Nevertheless, this absurdly fatuous, unsubstantiated UN report, condemning Israeli military for horrific acts they didn’t commit, was intended as sabotage and subterfuge so as to divert attention from the blood-curdling incidents of rape and sexual torture copiously documented by Sandberg in Screams Before Silence. What does this say about the world’s denial of sexual violence when it happens to Jewish females? Sandberg got it right when she told Chris Cuomo last week on News Nation: “This is what we’re up against…this is a challenge to our way of life, this is a challenge to Democracy, this is a challenge to equality for women, anywhere in the world!”

Sandberg’s exhortations were presaged by Bev Goldman, writer for Jewish Life Magazine, the largest circulating and widely read Jewish publication in South Africa. In her article aptly titled “Israel in ContextSilence!” Goldman vehemently called out the UN for its double standard: “The UN’s disregard and tone deaf response to Hamas’s attack is woefully unsatisfactory….” In describing the violation of Israeli women and girls, the writer ululated: “The obscene and repulsive treatment they meted out to the Israeli women, both those barely alive and those already dead, cannot be comprehended by anyone for whom morality is a life value. It cannot. It is too incomprehensible, too unfathomable, too repellent.”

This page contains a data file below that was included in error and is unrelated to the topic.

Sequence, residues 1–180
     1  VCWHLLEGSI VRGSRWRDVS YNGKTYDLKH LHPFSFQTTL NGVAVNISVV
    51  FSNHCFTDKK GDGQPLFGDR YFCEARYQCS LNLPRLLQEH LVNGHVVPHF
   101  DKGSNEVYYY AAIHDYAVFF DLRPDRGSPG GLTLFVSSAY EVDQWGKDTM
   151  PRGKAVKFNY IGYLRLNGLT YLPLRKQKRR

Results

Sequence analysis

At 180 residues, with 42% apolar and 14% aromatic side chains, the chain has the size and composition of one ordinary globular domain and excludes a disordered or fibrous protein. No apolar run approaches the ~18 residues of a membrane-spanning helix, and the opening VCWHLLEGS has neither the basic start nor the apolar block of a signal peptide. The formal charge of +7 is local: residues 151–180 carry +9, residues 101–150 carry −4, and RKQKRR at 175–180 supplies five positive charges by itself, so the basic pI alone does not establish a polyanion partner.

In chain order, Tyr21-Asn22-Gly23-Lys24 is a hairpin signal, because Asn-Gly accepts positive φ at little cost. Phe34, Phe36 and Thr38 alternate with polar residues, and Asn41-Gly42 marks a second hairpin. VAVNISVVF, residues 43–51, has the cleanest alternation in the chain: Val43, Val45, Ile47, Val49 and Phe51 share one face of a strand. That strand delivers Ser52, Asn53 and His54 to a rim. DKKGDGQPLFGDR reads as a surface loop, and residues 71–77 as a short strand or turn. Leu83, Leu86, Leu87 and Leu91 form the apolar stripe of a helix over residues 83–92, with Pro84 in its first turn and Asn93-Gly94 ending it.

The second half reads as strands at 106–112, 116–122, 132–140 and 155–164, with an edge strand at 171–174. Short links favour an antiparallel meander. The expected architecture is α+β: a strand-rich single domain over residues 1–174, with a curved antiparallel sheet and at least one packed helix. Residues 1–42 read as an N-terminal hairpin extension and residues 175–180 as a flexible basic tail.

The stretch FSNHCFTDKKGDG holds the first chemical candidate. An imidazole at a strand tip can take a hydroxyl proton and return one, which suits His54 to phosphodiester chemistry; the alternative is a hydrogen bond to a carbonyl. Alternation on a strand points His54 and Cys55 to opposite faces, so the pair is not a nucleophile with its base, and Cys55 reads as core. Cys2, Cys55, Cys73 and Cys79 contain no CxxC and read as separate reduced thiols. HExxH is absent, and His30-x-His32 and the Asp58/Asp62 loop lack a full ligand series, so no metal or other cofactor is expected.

In her article for Jewish Life, Goldman chronicled the emergence of international laws prohibiting sexual violence against women and girls: “In 1993, the UN Commission on Human Rights (replaced in 2006 by the UN Human Rights Council) declared systematic rape…to be crimes against humanity punishable as violations of women’s human rights. In 1995, the UN’s Fourth World Conference on Women specified that rape by armed groups during wartime is a war crime.” She then pointed to a 1998 landmark case wherein a “Rwandan tribunal had ruled that specifically, ‘rape and sexual violence constitute genocide’” and later “[i]n 2008, the UN Security Council adopted resolution 1820, which stated that ‘rape and other forms of sexual violence can constitute war crimes, crimes against humanity, or a constitutive act with respect to genocide.’”